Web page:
Before you get into spotting scope comparisons you should at least know what the terms used to determine the quality of a spotting scope. The technology for making rifle scopes, spotting scopes and binoculars are all similar. Once you understand what some of the technical jargon means you will have better understanding what makes the best spotting scope. Or better yet, when you see a spotting scope review or start reading spotting scope reviews, you will know exactly what you need to make the best choice for your specific situation.
We are going to assume that you are looking for the reviews in order to determine “What is the best spotting scope?. Or another way to look at the question is to ask “Who makes the best spotting scope?”. Some people search for the term ‘inexpensive spotting scope reviews’ hoping that the article will somehow make the best recommendation for them. If you arm yourself with some basic knowledge, you can not only make the best choice in buying your spotting scope, but you will also understand what makes a good rifle scope and a good pair of binoculars too.
Before you launch into your rifle scope review comparison you’ll need to know things like what terms like “coated” and “multi-coated” mean. You need to know what types of prisms work best and why a 7×50 scope is probably not the best for a hunter.
The best hunting spotting scope reviews will not be the same as the best astronomy scope or the best bird scope. Some of the basic considerations when looking to purchase a spotting scope are not the same considerations you should look at when buying a rifle scope or a birding scope or even an astronomy scope.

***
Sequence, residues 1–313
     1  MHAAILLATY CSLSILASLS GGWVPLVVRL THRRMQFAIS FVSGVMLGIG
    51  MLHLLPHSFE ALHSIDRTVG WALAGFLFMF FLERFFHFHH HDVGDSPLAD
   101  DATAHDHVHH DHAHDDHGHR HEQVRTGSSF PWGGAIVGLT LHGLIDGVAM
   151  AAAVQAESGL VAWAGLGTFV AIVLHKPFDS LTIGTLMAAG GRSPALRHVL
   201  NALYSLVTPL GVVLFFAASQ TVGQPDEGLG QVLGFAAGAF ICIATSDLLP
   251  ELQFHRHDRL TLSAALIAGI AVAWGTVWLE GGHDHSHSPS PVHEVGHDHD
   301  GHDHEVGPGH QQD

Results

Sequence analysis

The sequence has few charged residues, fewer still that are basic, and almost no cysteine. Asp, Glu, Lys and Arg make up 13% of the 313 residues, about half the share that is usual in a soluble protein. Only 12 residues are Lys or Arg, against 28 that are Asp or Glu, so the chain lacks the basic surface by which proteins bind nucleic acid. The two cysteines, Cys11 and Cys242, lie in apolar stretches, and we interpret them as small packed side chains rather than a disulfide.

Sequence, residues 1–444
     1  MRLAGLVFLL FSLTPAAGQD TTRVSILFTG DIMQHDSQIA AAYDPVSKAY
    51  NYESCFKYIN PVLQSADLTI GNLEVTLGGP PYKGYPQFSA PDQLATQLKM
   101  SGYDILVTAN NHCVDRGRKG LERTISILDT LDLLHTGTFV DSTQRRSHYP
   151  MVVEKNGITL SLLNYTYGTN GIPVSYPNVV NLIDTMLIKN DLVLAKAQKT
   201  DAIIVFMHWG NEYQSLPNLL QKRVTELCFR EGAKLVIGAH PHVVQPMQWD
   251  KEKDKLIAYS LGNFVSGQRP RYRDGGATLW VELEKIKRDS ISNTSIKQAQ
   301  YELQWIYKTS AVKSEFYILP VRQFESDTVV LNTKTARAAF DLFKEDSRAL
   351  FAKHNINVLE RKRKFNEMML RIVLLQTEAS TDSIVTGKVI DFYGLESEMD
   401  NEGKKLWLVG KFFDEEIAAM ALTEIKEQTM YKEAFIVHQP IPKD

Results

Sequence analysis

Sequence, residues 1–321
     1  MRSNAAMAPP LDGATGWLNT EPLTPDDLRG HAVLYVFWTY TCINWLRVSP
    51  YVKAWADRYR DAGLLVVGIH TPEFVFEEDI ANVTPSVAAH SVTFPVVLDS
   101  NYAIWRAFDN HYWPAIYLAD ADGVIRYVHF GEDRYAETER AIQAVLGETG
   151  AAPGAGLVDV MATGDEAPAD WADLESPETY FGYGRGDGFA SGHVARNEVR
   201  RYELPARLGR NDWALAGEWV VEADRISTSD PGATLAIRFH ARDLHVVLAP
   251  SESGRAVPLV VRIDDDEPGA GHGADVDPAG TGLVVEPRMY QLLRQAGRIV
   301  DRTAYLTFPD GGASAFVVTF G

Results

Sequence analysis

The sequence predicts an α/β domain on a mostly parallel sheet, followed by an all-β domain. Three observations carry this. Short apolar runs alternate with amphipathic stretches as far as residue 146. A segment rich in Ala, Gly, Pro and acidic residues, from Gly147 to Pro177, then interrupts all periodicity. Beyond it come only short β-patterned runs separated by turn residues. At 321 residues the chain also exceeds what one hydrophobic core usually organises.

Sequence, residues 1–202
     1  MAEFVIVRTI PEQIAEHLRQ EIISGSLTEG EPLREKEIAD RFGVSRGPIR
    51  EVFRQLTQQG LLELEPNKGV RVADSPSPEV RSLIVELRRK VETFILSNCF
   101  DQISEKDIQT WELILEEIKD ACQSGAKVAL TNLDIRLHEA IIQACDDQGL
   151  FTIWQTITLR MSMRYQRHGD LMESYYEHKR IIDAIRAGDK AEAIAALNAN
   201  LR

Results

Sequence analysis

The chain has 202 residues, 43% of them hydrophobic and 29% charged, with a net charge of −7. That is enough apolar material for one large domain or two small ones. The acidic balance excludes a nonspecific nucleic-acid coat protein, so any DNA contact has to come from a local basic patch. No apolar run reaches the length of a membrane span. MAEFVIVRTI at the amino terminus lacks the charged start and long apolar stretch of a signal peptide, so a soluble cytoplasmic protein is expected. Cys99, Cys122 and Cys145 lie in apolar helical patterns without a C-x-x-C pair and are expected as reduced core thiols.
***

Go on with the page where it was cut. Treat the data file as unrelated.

The main purpose for all these type of scopes is o make what you are looking at appear closer. From there, you will need to dig a little deeper to get a better understanding.
There are two main considerations when looking for quality; mechanical quality and optical quality. The price of spotting scope is to a great degree affected by the quality of its components. Optical quality: like the type of glass selected for the lenses and prisms, the design of the eyepiece, the quality and care given during the polishing and glass grinding process. Then finally, the quality of the anti-reflection coatings on the glass elements.
Mechanical quality items include the lens barrel material (metal or plastic). Are the lens barrels made of one piece or two piece construction? How are the glass elements secured in place?
Anti-reflection coatings are used by nearly all spotting scope manufacturers today. The purpose of the glass coatings is to assist in bringing the light from the front of the scope back to the eyepiece. When looking to purchase spotting scope be sure to look at how the manufacturer description of the coatings: If they say “Coated”, then they mean they have used a single layer antireflection coating on some lens elements. The cheapest way to go.
Just know that the term “Coated’ does not mean that all glass elements are actually coated. In the most common application, the spotting scope manufacturers only coat the first and last elements (the ones you can see).